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[GreenYes] FW: MERCURY: S.F. Chronicle re California Dental Board Hg factsheet
Title: FW: MERCURY:  S.F. Chronicle re California Dental Board Hg fact sheet
The below email message is from a listserv; apologies for any cross-postings and please forward as appropriate.  -Stephanie

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           Stephanie C. Davis
WASTE REDUCTION REMEDIES
SM            
                510/527-8864                                
ScD18@WasteReductionRemedies.com
           

NOTE that on TWTh, I can be found at:
          Sutter Delta Medical Center
3901 Lone Tree Way,  Antioch, CA 94509
            DavisSt@sutterhealth.org                                                                                                                                                                                                                                                                                                                    phone:      925-756-1118      fax:     925-779-3044

Where I am the Infection Control Manager,
      work which is separate from WRR
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------ Forwarded Message

Dentists yield on mercury in fillings
State board agrees to cite experts' concerns

Kelly St. John, Chronicle Staff Writer
Saturday, August 4, 2001

Oakland-In a surprise turnaround, a skittish California Dental Board shied
away last night from a controversial fact sheet playing down the risk of
mercury in dental fillings.
The board, under pressure from state lawmakers, instead asked its staff to
revise the document to note that some experts think "silver" fillings pose
risks to consumers. Silver fillings are about 50 percent mercury by weight.
"Basically, we're saying there's some difference of opinion," Dr. Kit Neacy,
president of the board, said after the meeting in Oakland.
The session drew two dozen speakers, most of them adamant that such fillings
may be a factor in neurological damage to developing children, chronic
fatigue syndrome, Alzheimer's disease and asthma.
The board's unexpected move was made after intense pressure from state
legislators who want to dissolve the dental board for a host of reasons,
including not drafting for nearly a decade an acceptable mercury warning
sheet.
The fact sheet was required by a 1992 law but never implemented to the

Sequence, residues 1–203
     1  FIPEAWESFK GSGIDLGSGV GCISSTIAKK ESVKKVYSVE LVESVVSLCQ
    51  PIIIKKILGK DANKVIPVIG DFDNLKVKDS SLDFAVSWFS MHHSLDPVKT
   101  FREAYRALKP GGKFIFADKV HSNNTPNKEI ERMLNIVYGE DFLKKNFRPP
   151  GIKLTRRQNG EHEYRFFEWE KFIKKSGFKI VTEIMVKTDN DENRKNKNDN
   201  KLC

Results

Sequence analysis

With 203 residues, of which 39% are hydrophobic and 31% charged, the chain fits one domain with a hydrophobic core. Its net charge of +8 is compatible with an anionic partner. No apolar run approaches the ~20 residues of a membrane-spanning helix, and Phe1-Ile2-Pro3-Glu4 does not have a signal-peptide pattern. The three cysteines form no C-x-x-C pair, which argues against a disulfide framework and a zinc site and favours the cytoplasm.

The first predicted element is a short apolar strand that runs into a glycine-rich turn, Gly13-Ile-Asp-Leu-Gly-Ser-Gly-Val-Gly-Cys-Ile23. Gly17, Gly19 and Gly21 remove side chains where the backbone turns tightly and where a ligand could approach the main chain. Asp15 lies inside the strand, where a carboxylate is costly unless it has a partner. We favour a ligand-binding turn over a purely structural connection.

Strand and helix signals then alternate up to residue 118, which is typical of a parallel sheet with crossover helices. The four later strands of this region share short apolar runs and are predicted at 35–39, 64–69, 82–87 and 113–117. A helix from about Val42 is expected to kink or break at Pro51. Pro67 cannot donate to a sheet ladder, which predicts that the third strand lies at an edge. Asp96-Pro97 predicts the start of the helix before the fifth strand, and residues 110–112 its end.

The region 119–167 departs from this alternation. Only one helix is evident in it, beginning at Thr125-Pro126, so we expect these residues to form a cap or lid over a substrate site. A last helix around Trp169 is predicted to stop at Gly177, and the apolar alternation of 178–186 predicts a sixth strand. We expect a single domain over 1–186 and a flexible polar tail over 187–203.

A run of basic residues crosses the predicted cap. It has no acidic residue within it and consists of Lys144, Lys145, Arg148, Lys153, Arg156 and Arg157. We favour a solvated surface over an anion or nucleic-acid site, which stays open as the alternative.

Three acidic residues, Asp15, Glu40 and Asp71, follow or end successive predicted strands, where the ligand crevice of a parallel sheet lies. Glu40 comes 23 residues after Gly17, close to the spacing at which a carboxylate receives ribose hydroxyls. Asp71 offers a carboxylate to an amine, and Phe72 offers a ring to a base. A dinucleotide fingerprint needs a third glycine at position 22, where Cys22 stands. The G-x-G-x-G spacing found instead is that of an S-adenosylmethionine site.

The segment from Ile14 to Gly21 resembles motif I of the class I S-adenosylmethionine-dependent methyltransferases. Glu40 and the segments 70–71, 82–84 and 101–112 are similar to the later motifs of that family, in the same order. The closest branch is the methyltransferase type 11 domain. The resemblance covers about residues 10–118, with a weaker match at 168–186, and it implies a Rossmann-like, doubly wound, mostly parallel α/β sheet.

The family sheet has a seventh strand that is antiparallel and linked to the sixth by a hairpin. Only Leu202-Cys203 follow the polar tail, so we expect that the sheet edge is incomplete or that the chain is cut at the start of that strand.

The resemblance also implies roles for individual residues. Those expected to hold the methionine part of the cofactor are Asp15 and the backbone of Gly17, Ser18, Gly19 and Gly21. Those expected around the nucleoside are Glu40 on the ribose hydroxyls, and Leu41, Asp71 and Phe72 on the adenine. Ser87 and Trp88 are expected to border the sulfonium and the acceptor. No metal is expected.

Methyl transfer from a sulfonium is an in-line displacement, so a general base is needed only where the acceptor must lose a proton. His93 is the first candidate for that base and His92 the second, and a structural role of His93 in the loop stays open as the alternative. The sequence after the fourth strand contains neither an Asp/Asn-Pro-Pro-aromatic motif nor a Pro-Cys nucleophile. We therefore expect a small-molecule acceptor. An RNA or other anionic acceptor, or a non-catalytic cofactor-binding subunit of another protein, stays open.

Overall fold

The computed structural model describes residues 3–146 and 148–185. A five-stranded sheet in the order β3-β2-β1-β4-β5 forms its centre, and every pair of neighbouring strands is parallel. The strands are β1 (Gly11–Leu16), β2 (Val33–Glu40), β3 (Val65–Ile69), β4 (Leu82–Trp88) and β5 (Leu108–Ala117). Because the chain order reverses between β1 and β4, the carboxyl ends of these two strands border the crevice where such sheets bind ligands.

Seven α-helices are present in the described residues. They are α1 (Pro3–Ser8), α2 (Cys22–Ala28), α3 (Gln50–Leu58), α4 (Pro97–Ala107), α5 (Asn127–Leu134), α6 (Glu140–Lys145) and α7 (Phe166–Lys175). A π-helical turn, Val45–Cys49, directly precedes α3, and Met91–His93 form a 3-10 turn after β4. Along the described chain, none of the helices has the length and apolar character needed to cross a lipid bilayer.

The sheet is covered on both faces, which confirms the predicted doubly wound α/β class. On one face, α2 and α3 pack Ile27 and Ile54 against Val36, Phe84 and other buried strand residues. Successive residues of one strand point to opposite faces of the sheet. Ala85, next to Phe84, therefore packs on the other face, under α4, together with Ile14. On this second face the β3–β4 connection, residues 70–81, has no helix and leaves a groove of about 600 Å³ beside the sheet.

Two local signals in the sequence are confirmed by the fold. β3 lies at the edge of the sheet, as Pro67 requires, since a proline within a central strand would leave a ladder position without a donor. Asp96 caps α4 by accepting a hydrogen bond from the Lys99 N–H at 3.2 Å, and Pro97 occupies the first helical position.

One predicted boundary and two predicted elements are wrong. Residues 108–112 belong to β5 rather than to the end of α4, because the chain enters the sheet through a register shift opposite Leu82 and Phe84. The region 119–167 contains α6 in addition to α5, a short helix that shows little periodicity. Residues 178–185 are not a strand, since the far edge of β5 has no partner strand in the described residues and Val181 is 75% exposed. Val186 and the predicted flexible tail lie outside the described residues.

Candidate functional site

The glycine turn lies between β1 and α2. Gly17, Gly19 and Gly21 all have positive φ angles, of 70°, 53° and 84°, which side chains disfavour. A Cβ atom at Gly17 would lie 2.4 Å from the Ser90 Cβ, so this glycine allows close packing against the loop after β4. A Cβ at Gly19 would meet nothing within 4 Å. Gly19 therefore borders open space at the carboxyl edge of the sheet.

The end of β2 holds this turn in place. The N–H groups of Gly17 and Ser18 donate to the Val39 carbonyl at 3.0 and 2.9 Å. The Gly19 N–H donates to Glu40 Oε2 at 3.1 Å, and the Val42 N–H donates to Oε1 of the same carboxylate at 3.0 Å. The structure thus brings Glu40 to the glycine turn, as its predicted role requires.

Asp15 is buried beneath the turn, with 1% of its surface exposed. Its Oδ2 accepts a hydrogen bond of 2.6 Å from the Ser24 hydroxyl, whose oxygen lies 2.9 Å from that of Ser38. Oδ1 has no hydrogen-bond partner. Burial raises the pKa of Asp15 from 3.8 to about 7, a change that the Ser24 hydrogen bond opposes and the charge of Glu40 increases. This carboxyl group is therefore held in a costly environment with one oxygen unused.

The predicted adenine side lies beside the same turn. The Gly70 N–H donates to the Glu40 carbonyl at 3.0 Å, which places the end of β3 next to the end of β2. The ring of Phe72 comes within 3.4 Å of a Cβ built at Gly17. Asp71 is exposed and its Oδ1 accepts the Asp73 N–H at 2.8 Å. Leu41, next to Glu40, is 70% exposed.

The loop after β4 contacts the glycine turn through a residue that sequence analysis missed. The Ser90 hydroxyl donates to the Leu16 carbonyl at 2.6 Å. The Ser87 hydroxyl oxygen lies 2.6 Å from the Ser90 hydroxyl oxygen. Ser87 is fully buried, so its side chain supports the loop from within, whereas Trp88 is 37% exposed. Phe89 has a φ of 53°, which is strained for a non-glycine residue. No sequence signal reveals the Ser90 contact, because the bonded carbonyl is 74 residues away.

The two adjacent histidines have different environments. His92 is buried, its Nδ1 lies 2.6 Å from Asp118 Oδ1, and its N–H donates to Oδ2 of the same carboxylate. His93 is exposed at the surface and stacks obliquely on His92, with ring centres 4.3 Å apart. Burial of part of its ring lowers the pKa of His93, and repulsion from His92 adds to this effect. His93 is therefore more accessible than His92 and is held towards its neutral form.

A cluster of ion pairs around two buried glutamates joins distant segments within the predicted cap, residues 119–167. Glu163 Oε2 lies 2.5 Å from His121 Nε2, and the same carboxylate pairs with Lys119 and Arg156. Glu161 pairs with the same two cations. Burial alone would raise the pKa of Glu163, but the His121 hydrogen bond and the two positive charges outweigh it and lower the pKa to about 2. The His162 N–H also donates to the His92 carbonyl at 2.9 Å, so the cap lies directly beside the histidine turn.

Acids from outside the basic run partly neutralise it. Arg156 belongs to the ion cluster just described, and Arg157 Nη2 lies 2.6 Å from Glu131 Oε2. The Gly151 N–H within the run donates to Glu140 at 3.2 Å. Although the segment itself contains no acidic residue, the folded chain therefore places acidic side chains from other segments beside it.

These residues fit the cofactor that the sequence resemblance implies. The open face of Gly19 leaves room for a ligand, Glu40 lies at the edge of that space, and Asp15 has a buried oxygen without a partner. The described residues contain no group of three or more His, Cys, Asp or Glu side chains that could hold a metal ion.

satisfaction of state officials. It is designed for dentists to use when
they speak with patients about what materials are used in fillings,
including amalgam-which refers to alloys of mercury, porcelain and resin.
Advocates were pleased by the results of the meeting, which at one point
became so heated that nervous state officials summoned a dozen police and
California Highway Patrol officers to stand by.
"We've made a huge step in recognizing the toxicity of mercury," said
Charles Brown, a Washington, D.C., lawyer who is suing the American and
California dental associations. "At last, the board seems willing to say the
M word."
On its own, critics say, mercury is a toxic poison that may cause
developmental and neurological problems, especially in children and pregnant
women.
But the American Dental Association contends that the fillings are safe
because mercury is combined chemically with other elements to form an alloy.

Some dentists compare it to chloride and sodium, both elements that harm
humans on their own but form benign sodium chloride-salt-when combined.
Mercury vapors do escape during normal chewing and brushing, but not at a
harmful level, according to the American Dental Association.
"There is no sound scientific evidence supporting a link between amalgam
fillings and systemic diseases or chronic illness," ADA President Dr. Robert
M.
Anderton said in a written statement.
Others aren't convinced.
"If you have amalgam left over (after filling a cavity), there's only two
things you can do," said Dr. S. Ward Eccles, a dentist from Livermore. "You
can put it in a toxic waste dump, or you can put it in the next tooth.
Something's wrong when those are the only two choices."
Consumers for Dental Choice have sued the American Dental Association,
saying it is deceiving the public by supporting the use of mercury in
fillings when mercury's use is being limited in other products, such as
thermometers and blood pressure gauges.
After the state dental board canceled a June meeting that would have dealt
with the mercury issue, state Sen. Liz Figueroa, D-Fremont, initiated a
drive to purge the 12-member board, which licenses and disciplines the
state's 30, 000 dentists.
"I don't think they take the whole responsibility seriously," she said.
"They've delayed the process for over 11 years."

E-mail Kelly St. John at kstjohn@sfchronicle.com.

------ End of Forwarded Message

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